Left coronary angiogram in PA (posteroanterior) cranial view showing totally occluded left anterior descending coronary artery stump (LAD stump). LMCA: left main coronary artery; Diag (diagonal branch of LAD); LCX: left circumflex coronary artery. The diameter of LAD is similar to that of the guide catheter. There is tight stenosis of another small branch seen running between the LCX and diagonal. It is not clear from this view whether it is a branch of LAD or LCX. Apparently it is a branch of LCX.
A floppy tipped guidewire has been passed and the total occlusion crossed with difficulty. An initial balloon dilatation has been done to facilitate the free movement of the guide wire. The floppy region of the guide wire is seen as more radio opaque and usually measures about 27 mm. There are two discrete markers at the ends of the balloon which are radio opaque. The balloon has been filled with dilute contrast prior to introduction, for visualisation during inflation. Guide catheter in the descending aorta has been marked. The tip is faintly visible above if the guide wire is traced backwards to the edge of the image.
Guide wire has been passed further into the LAD after the initial balloon dilatation. If the guide wire passes effortless and can be tracked into multiple side branches, it is an indication that it is in the true lumen. This verification is especially useful while opening up total occlusions, to prevent balloon inflation within a false lumen which may even result in coronary perforation. Check shots of angiograms will also help in identifying true lumen and extravasation if any. If coronary perforation does occur, it has to be tackled by keeping the balloon inflated (balloon tamponade) while surgical closure of the perforation is arranged. This will prevent hemopericardium and cardiac tamponade. Balloon tamponade will not produce ischemia in this situation because it was already a totally occluded artery. Sometimes it is possible to cover up a perforation by a covered stent.
Outline of stent in LAD soon after deployment, seen on fluoroscopic imaging. While taking a check angiogram after stent deployment, the image acquisition is started before injecting the contrast so that the stent is visualised before the vessel is opacified by the contrast. The guide wire is in situ, passing distally through the stent. It appears as if part of the stent in the region of the third set of markers has not been fully expanded. Incomplete stent apposition can increase the chance of stent thrombosis as well as restenosis later. Hence it is customary to post dilate the stented segment using a non-compliant (NC) balloon.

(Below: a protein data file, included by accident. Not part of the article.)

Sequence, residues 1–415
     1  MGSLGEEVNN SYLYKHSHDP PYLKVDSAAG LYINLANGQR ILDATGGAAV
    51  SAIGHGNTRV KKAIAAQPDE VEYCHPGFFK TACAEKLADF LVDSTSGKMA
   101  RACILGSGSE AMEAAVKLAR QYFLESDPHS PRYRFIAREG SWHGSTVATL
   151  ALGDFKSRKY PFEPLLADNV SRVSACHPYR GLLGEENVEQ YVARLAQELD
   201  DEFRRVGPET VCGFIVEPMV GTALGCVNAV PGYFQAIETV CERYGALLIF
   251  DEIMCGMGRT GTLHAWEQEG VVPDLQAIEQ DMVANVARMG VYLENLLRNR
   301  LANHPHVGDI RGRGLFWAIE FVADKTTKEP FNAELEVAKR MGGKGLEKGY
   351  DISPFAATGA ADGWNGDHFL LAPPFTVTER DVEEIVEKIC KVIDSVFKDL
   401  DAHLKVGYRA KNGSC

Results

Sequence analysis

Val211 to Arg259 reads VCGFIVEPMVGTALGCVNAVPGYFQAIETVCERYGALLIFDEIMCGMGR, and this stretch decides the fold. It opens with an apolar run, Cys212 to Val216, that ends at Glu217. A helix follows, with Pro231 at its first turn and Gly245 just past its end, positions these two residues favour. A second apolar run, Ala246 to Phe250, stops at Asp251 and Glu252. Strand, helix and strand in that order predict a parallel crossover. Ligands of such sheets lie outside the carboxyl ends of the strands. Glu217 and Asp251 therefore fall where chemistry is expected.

Left coronary angiogram in PA cranial view after stent deployment in LAD. The stented segment is more prominent than rest of the LAD because mild over inflation is given to obtain good stent apposition. This will reduce the chance of stent thrombosis and late lumen loss due to restenosis. Flow into the distal LAD is good. Segments distal and proximal to the stent should inspected carefully for any haziness which can due to dissection or local thrombus formation. If a dissection is noted, current option is to seal it off with another stent. In the earlier era, dissections were also treated by prolonged balloon inflations.
Stent outline seen on fluoroscopic image in lateral view. Imaging in multiple planes is mandatory, especially in orthogonal views, to look for incomplete stent expansion. Care should be taken to avoid misinterpretation of distortion due to the stent adaptation to tortuous vessels as incomplete expansion.
Stented segment of LAD in lateral view of coronary angiography, with stent standing out slightly in profile. Multiple projections are useful in assessing incomplete stent expansion.